IRP’s Anthony Fauci Talks COVID-19 With Stephen Curry

Infectious Disease Expert Interviewed by NBA Superstar

Wednesday, April 1, 2020

As the COVID-19 illness has continued to spread, so has anxiety, fear, and uncertainty. Now more than ever, we need communicators who can provide clear explanations about the latest research and public health guidelines.

IRP senior investigator Anthony Fauci, Ph.D., has been one of the most prominent voices providing information about the novel coronavirus over the past several weeks. Dr. Fauci, who serves as director of the NIH’s National Institute of Allergy and Infectious Diseases (NIAID), seems to be doing everything he can to make sure the American public has the best information available about the current situation, from speaking at White House press briefings to appearing on television shows like The Daily Show with Trevor Noah. Last Thursday, March 26, Dr. Fauci participated in a live Q&A with NBA superstar Stephen Curry on Curry’s Instagram page. Read on for a few highlights from their discussion, or click on the video below to watch the entire conversation.

Basketball superstar Stephen Curry (left) chatted with the IRP’s Anthony Fauci (right) about COVID-19 on Instagram Live on March 26.


On the differences between the novel coronavirus and the seasonal flu

“It’s very, very much more transmissible than flu, and more importantly, it’s significantly more serious…The overall mortality of seasonal flu that you and I confront every year is about 0.1 percent. The overall mortality of coronavirus is about 1 percent, and sometimes — like in China — it was up to 2 or 3 percent, which means it’s 10 times more serious than the typical influenza. So when people kind of compare it, in some respects it has some similarities, but it’s really, really different in its degree of seriousness.”


On whether contracting the novel coronavirus confers immunity to future infections by the same illness

“We haven’t done the specific testing to determine that, but if this acts like every virus similar to it that we know, the chances are overwhelming that if you get infected [and] recover from infection, that you are not going to get reinfected with the same virus, which means you can then safely go out into the community and feel immune so that you can not only protect yourself, get back to work, get back to your job, but you’ll also be able to have what you refer to as ‘herd immunity.’ [When] enough people [have] recovered in a community, that gives the virus very little chance to spread rapidly.”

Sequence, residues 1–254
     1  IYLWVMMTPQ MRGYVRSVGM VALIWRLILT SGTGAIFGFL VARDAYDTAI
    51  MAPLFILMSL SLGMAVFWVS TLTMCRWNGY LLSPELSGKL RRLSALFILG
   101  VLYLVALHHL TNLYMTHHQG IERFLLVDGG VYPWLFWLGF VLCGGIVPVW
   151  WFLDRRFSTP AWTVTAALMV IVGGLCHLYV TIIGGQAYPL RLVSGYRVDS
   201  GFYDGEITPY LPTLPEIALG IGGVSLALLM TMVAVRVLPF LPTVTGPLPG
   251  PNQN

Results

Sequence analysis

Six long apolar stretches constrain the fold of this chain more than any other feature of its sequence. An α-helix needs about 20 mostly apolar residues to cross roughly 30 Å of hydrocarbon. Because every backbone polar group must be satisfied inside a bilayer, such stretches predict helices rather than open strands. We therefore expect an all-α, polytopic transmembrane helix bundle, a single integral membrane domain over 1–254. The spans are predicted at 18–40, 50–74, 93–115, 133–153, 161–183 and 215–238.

SARS-CoV-2, the virus that causes COVID-19, isolated from a patient in the U.S.

This transmission electron microscope image shows SARS-CoV-2, the virus that causes COVID-19, isolated from a patient in the U.S.

On how the changing seasons could affect the transmission of COVID-19

“Viruses tend to do poorly in warm, moist weather and do quite well in cold, dry weather, and that’s one of the reasons why — in addition to the fact that in the warm weather you’re more outside and not confined in a room — that these kinds of respiratory viruses tend to go down as you get to the summer months…We don’t know whether this is going to happen with this virus because this is the first time we’ve ever dealt with this virus, so it’s not an unreasonable assumption to think that it’s going to go down, but you don’t want to count on it.”


On our ability to more effectively contain the virus if it re-emerges in the fall after a summer hiatus

“I think and I hope — and it’s not just hope because I think, if we do it right, it will happen this way — that we will get enough experience so that, when it does come back, we will be able to immediately identify, isolate, and contact-trace. And if you do that effectively, you don’t have an outbreak. You contain it at a very low level, which would mean we won’t have to lock down again…It will be much different than what we’re doing right now.”


On how long it will take to develop a COVID-19 vaccine

“We have started on the development of a vaccine faster than ever in the history of any virus, from the time [the virus] was discovered to the time that we made [the vaccine] and put it into a trial. But when you test a vaccine, it’s multiple phases. The first thing you’ve got to do is make sure it’s safe. We started that a couple weeks ago. When you find out it’s safe and that it induces the kind of response you want it to, then you do it in a lot of people. The first stage you have to be careful — it’s like 45 people. Then you go into hundreds, if not thousands, of people in what’s called a phase 2/3 trial to determine if it works…If we really push, we hope that we will know by the time we get into next winter whether or not we have something that works.”


On the biggest misconception about COVID-19 that Dr. Fauci has encountered

“This dichotomy between people who are being frightened to death of [COVID-19] versus people who don’t even believe it and think it’s something trivial that you don’t have to worry about. I’d like to get the people in the country to realize that we are dealing with a serious problem…We’ve modified our lives. It’s not convenient to lock yourself in…but we’re going through a period of time now where we’ve got to — as a country — pull together, don’t get frightened, don’t get intimidated, use the energy to be able to confront it and do the kinds of things that will put an end to it. I want to get rid of that misconception that there’s extremes: either the world is going to end, or we don’t want to do anything. It isn’t that. It’s somewhere in the middle.”

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Category: Science